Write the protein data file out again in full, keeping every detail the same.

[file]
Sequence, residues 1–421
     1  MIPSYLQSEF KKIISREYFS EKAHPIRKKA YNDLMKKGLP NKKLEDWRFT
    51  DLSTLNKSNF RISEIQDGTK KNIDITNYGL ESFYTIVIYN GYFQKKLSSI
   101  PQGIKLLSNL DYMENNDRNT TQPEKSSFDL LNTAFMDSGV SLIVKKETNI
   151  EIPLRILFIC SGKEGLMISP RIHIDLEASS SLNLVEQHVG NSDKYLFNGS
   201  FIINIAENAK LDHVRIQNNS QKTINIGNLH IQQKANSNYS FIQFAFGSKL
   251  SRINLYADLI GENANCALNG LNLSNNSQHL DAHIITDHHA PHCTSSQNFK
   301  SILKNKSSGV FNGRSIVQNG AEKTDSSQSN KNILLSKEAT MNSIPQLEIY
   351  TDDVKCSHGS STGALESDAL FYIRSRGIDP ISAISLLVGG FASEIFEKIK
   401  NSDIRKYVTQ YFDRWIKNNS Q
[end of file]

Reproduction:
Sequence, residues 1–421
     1  MIPSYLQSEF KKIISREYFS EKAHPIRKKA YNDLMKKGLP NKKLEDWRFT
    51  DLSTLNKSNF RISEIQDGTK KNIDITNYGL ESFYTIVIYN GYFQKKLSSI
   101  PQGIKLLSNL DYMENNDRNT TQPEKSSFDL LNTAFMDSGV SLIVKKETNI
   151  EIPLRILFIC SGKEGLMISP RIHIDLEASS SLNLVEQHVG NSDKYLFNGS
   201  FIINIAENAK LDHVRIQNNS QKTINIGNLH IQQKANSNYS FIQFAFGSKL
   251  SRINLYADLI GENANCALNG LNLSNNSQHL DAHIITDHHA PHCTSSQNFK
   301  SILKNKSSGV FNGRSIVQNG AEKTDSSQSN KNILLSKEAT MNSIPQLEIY
   351  TDDVKCSHGS STGALESDAL FYIRSRGIDP ISAISLLVGG FASEIFEKIK
   401  NSDIRKYVTQ YFDRWIKNNS Q